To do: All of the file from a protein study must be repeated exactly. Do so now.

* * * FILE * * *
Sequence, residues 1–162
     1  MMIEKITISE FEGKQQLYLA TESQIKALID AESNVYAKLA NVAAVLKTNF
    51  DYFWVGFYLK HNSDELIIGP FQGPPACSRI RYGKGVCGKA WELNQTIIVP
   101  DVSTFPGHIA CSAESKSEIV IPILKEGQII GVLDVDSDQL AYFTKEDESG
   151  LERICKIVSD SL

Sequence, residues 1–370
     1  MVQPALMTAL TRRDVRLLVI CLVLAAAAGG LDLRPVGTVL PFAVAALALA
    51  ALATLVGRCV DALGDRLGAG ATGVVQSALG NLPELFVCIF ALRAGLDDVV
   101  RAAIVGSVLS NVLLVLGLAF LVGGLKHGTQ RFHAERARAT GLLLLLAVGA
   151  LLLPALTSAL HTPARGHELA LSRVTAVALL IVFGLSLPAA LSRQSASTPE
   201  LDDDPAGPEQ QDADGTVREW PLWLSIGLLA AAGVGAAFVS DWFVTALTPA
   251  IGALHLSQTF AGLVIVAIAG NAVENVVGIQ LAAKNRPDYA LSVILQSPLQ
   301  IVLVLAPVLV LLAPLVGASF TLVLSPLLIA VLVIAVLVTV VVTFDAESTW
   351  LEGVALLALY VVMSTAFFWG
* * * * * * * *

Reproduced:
Sequence, residues 1–162
     1  MMIEKITISE FEGKQQLYLA TESQIKALID AESNVYAKLA NVAAVLKTNF
    51  DYFWVGFYLK HNSDELIIGP FQGPPACSRI RYGKGVCGKA WELNQTIIVP
   101  DVSTFPGHIA CSAESKSEIV IPILKEGQII GVLDVDSDQL AYFTKEDESG
   151  LERICKIVSD SL

Sequence, residues 1–370
     1  MVQPALMTAL TRRDVRLLVI CLVLAAAAGG LDLRPVGTVL PFAVAALALA
    51  ALATLVGRCV DALGDRLGAG ATGVVQSALG NLPELFVCIF ALRAGLDDVV
   101  RAAIVGSVLS NVLLVLGLAF LVGGLKHGTQ RFHAERARAT GLLLLLAVGA
   151  LLLPALTSAL HTPARGHELA LSRVTAVALL IVFGLSLPAA LSRQSASTPE
   201  LDDDPAGPEQ QDADGTVREW PLWLSIGLLA AAGVGAAFVS DWFVTALTPA
   251  IGALHLSQTF AGLVIVAIAG NAVENVVGIQ LAAKNRPDYA LSVILQSPLQ
   301  IVLVLAPVLV LLAPLVGASF TLVLSPLLIA VLVIAVLVTV VVTFDAESTW
   351  LEGVALLALY VVMSTAFFWG